Yesterday's dramatic election in Turkey brought surprising results.
Although Turkey's most powerful politician Tayyip Erodogan, President of Turkey, was not standing, he was clearly the central player in that election.
Turkey's President is not elected by popular vote, and so Erdogan was not a candidate or even party leader.
Erdogan's party, AKP, is led by Prime Minister Ahmet Davutoğşlu.
However, Erdogan set some very high bars for his party in the election - which AKP failed to jump over.
Whereas AKP achieved (again) being the largest party with a respectable 41% vote (Netanyahu could only dream of such a victory for Likud..), Erdogan had set an ambitious target of achieving a two thirds majority in parliament. Such a majority would have given the AKP the ability to change the country's Constitution, and invest substantially increased power in the Presidential (ie Erdogan's) position.
In light of this ambition, the election result are a blow to Erdogan's domination of Turkish politics since his rise to power in 2002.
Far from creating a two thirds power-base, the elections have not given AKP a working majority in the parliament.
Another aspect of this over-ambition, was the AKP's controversial decision to raise the election threshold to 10%, in order to block the Kurdish party, HDP, Turkey's third largest party electorally, from achieving representation in the Turkish parliament.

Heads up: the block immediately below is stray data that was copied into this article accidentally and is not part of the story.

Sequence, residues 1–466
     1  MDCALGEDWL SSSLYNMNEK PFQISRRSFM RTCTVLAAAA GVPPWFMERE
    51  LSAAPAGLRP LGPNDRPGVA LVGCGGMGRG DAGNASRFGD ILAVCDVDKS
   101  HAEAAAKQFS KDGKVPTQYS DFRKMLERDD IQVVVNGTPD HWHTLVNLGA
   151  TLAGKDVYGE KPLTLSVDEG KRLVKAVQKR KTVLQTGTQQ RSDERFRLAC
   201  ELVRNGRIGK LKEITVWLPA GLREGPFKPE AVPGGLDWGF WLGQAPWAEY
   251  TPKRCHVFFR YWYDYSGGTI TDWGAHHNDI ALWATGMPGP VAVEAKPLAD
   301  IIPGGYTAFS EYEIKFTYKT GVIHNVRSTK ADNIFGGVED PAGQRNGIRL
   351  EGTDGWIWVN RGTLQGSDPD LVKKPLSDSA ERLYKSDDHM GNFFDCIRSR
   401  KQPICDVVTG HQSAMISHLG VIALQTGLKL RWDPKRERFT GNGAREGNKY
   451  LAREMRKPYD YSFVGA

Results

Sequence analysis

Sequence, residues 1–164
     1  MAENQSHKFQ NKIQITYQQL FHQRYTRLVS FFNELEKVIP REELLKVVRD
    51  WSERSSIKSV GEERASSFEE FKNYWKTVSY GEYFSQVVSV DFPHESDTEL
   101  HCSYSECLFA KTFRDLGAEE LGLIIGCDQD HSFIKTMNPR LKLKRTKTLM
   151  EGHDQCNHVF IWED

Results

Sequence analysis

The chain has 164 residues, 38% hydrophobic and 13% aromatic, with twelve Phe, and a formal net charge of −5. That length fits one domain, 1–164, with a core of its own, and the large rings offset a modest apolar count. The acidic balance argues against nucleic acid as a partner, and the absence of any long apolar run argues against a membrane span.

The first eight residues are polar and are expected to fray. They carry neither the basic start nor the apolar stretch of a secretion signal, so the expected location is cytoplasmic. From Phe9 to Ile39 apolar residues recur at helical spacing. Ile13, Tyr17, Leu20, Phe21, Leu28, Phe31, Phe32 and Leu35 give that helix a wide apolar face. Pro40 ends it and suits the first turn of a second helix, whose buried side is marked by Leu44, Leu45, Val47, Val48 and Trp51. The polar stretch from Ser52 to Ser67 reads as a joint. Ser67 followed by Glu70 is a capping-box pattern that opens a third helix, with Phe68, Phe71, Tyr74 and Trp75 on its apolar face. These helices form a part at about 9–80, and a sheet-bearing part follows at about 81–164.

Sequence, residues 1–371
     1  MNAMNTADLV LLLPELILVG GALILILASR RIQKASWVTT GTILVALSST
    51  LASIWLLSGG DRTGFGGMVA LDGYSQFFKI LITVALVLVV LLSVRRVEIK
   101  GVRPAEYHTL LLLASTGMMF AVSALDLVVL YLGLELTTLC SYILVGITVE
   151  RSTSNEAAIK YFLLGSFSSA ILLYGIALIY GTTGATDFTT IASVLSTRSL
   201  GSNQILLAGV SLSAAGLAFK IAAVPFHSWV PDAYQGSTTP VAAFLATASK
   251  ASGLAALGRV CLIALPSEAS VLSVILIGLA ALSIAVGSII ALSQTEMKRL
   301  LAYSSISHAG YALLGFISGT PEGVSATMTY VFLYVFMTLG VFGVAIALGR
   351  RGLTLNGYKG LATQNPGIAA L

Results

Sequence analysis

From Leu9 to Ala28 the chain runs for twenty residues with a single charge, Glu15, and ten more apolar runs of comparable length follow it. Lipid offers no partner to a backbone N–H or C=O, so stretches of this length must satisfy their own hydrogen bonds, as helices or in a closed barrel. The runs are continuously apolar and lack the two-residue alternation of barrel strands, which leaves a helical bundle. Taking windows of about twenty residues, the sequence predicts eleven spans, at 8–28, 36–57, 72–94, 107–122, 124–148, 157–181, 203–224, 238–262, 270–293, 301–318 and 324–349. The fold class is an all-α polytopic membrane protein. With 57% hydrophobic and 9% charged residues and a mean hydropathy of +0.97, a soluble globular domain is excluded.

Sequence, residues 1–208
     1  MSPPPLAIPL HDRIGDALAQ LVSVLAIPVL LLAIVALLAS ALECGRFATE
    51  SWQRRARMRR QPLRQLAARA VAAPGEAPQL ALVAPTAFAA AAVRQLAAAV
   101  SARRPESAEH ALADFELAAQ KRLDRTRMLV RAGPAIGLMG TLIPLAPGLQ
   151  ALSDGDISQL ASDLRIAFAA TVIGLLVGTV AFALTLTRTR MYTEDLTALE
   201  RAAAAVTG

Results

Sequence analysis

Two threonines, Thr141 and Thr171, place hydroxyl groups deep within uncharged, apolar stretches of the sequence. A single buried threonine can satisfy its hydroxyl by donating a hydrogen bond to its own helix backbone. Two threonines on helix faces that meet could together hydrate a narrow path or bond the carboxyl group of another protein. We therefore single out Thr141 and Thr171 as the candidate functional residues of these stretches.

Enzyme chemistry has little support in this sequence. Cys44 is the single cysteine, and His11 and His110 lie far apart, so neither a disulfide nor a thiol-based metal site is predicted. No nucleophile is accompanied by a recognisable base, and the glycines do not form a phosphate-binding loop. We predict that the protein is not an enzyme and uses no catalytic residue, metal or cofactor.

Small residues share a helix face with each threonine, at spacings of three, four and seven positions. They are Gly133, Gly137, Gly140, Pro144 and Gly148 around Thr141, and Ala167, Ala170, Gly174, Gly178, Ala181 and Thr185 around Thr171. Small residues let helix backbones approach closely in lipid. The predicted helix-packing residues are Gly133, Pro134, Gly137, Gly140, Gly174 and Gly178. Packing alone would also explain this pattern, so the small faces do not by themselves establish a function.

This plan backfired, on two fronts.
Firstly, HDP succeeded in passing the higher threshold, with around 13% of the popular vote.
Secondly, due to a formula in the election system, HDP's larger-than-expected voter turn out disproportionately impacted AKP's own representation in parliament.
The only unsurprising result in this election was the second party, the secular CHP, who remained with around 25% of the vote.
It is now unclear how the AKP will translate its status as the largest party, into a working Government. This will require a coalition. However, both HDP and CHP committed themselves during the elections to not join a AKP led government.
While the composition of Turkey's next ruling government is uncertain, what is certain is that Erdogan's political over-ambitions, at least for now, have been placed in the dustbin of history.